London isn’t going to miss me and I’m not going to miss it. I’m sure there are some Brits out there who would Take Great Offense to such a sentiment, and some would just tell me to fuck off. But that’s fine, and that it’s fine is the point. It’s better to have an honest world where we can agree to disagree than have this intangible maze of false platitudes fueling whether or not it’s okay to have an opinion.

I’ve been thinking a lot about malice—or, maybe more accurately, what it means for a person to be hurt by another. Malicious intent is a major factor if someone inflicts harm, either mentally or physically, but what does that mean in this day and age?

The confusion that can come with facing a foreign opinion—by foreign I mean one whose thesis seems absurd to the point of being provocative—can feel strangely invasive. Belief and opinion are concepts that encompass some of our most basic subconscious humanisms; how we connect ourselves to the world at large, how we subjectively grasp our day-to-day life. When something opposes that, it has the potential to disrupt our entire sense of the world. It can feel like a threat.

An old roommate of mine was a born-again Christian and it was just something I never got used to. People can believe what they want, but sometimes he’d say something about God or Jesus and my mind would just hit a wall. I simply couldn’t grasp some of the ways his mind constructed the nature of our universe. For the most part, we got along fine. But there were certainly nights where we would spend hours in a heated debate, unable to come to any sort of compromise. A sense of aggression was certainly present.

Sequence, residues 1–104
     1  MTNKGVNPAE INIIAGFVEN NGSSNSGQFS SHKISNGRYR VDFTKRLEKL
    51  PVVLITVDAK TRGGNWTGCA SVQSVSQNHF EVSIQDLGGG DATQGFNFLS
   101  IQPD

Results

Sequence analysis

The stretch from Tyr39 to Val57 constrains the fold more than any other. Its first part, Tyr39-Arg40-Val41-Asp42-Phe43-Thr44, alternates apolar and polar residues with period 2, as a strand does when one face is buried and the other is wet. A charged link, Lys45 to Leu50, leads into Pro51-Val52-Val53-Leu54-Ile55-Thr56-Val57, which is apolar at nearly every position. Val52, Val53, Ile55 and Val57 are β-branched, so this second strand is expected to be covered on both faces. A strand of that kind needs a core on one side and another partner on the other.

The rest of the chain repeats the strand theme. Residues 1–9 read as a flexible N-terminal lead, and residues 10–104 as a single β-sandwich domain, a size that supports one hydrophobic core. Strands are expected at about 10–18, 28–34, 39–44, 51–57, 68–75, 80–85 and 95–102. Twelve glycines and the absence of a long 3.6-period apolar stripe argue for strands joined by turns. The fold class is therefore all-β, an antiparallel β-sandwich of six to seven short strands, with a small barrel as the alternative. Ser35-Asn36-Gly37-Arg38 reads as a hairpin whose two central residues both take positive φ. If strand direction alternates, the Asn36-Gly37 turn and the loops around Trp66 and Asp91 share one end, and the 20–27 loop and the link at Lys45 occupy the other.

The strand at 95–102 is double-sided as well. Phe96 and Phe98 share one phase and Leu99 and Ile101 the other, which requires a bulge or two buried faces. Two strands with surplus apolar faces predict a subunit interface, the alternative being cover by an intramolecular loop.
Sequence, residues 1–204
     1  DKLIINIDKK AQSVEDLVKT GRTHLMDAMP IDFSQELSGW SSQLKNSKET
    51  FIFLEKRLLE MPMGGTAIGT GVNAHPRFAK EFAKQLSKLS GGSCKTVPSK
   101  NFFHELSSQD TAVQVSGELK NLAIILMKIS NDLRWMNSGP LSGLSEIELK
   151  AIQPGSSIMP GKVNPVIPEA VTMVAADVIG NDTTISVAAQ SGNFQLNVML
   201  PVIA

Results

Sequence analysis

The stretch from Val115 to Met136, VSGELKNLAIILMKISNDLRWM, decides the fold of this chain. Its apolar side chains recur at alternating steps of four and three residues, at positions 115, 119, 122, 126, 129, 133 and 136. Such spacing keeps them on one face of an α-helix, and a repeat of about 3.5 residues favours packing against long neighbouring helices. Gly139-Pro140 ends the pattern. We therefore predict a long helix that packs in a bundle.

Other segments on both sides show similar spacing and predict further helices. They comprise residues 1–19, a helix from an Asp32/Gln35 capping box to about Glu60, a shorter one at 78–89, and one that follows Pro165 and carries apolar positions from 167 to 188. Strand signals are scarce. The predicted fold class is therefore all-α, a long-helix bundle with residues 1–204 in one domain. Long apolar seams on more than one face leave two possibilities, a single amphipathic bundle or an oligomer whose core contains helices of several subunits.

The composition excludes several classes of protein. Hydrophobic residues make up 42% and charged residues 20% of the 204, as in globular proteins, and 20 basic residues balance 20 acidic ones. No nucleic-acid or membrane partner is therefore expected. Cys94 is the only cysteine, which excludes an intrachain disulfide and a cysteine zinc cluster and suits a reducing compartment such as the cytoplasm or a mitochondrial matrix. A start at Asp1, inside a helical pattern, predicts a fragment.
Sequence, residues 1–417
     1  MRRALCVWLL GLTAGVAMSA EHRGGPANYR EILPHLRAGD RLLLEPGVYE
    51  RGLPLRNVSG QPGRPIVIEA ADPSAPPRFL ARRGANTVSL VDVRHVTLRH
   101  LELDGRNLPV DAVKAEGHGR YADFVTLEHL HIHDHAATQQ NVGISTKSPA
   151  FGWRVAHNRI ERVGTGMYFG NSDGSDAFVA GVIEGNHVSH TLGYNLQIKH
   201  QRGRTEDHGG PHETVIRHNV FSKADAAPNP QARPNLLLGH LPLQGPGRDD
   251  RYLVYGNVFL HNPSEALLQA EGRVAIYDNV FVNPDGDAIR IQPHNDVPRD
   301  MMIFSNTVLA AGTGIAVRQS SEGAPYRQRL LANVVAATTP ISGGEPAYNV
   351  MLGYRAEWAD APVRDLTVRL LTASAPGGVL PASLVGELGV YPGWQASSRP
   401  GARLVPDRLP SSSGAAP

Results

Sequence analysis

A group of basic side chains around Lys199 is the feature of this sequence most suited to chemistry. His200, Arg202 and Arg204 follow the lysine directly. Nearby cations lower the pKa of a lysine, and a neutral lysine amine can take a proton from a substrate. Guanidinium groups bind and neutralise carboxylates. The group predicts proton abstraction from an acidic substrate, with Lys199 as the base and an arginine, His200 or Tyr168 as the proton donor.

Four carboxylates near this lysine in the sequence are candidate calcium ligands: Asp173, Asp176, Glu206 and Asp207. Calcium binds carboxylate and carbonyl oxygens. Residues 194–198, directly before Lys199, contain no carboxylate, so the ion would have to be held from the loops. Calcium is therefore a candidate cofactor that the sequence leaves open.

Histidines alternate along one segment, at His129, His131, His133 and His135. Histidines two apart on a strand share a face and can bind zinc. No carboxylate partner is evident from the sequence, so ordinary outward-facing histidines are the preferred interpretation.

And so now we have the internet, which is littered with beliefs. Nobody could exist online without being able to find someone who thinks the complete opposite. It is at the core of our social discord in America these days. Millions of people feel attacked constantly, simply by and for existing. Human history doesn’t have a great track record when it comes to trying to settle massive ideological disagreements.

Malice is defined as a desire to cause pain to another, yet these days one cannot even express themselves without the knowledge that someone, somewhere will take offense to whatever it is. Stating any opinion is, in some form, a knowing act of aggression, even if there is no specific harm intended to anyone in particular. It is also inviting that same aggression, even without an intention to provoke. It’s easy to feel bullied in an age when there is evidence everywhere people believe you’re wrong.

When the internet was rapidly growing in the early-aughts, one of my biggest questions was how it would effect society at large. And not in the physical framework of same-day deliveries, but the existential relationship we have with ‘America’ and the more intangible frame we keep that image contained in. This, these days of absurdity, panic, mistrust and fear, was not the outcome I was hoping for.